Water-efficient & accessible: a toilet designed by an OPD and a female entrepreneur

An accessible toilet prototype design

Sejong toilet prototype 4 - and final (Nusa Cendana University)


This Water, WASH & Climate story was authored by Novika Noerdiyanti, Plan International Indonesia, Ben V. Tarigan, Nusa Cendana University & Jeni Ngganggus, UKM Jensi-Female Entrepreneur


Drought is an increasingly common climate change impact in Indonesia. Each drought season, many people are unable to go to the toilet comfortably due to a lack of water and unhygienic conditions. This challenge is particularly felt by many pregnant women and people with a disability.


This is our story of creating an affordable, water-efficient toilet designed by people with a disability and women entrepreneurs in Indonesia as part of Plan International’s Water for Women Project, Wash and Beyond – Transforming lives in Eastern Indonesia      


Why was it created?

In 2021,over 85% of Indonesia's territory experienced a dry season (Meteorological, Climatological and Geophysical Agency, Indonesia). Climate change events like this impact people  differently, but women and people with disabilities are more vulnerable to negative experiences. During  dry seasons, people need to save water, including water for sanitation and hygiene. Squat toilets are much more water-efficient compared to western-style sitting toilets, which are more expensive, but they are not very comfortable or accessible for pregnant women and people with disabilities. Thus, it was necessary to think about the design of accessible, water-saving toilets as a response to dry climate change impacts.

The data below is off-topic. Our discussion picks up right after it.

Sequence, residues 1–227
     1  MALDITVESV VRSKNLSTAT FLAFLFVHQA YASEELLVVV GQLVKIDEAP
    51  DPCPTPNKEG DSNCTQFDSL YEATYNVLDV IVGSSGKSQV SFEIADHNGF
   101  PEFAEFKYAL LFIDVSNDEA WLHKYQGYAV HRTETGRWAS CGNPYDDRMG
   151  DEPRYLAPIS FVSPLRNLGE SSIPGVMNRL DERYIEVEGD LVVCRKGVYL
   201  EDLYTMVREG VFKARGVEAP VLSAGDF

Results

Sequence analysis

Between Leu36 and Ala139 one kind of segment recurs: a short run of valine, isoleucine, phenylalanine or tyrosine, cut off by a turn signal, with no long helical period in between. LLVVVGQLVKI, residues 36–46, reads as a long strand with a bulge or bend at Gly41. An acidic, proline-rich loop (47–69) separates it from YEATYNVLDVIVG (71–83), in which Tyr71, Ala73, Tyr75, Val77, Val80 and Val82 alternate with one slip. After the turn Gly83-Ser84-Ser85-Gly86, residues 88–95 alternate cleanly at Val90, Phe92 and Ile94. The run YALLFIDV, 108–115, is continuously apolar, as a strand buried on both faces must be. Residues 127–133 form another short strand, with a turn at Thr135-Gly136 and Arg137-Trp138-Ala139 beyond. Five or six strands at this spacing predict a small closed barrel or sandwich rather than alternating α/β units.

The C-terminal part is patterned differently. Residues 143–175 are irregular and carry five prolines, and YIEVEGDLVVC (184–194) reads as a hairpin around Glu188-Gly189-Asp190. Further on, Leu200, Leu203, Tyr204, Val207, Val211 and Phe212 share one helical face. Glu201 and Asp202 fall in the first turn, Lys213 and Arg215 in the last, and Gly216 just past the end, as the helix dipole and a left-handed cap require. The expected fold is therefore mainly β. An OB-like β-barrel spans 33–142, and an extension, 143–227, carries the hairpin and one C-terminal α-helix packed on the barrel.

An inclusive intervention

During 2020, Plan Indonesia and  local university, Nusa Cendana University, supported a Disabled People’s Organisation (DPO) and a female latrine entrepreneur to develop an inclusive and climate adaptive toilet using  a human-centered design process.


The six-month process saw four revisions before the final product was developed. The toilet design incorporates inputs from people with disabilities, including hearing, vision and mobility impairments, who are members of two organisations, Pertuni in Manggarai District and Persani.

A human centred design workshop takes place in rural Indonesia

Human-centred design process with Nusa Cendana University and a female latrine entrepreneur (Nusa Cendana University / Ben Tarigan)


An innovative toilet is born    

There are several innovations in our product, including:

  • an adapted lower height to make it easier for people in a wheelchair to transfer from one to the other
  • a step for use by children
  • a narrow  width to accommodate children  
  • a wider toilet seat for sitting comfort
  • a toilet bowl shape that allows for circle like water movement to accelerate the flush and reduce water use
  • an opening atthe front to allow the Indonesian custom of manually flushing for better hygiene
  • and the toilet seat is built as one with the toilet to reduce production costs.
Inclusive toilet design prototypes

Sejong toilet prototypes 1-3 (Nusa Cendana University)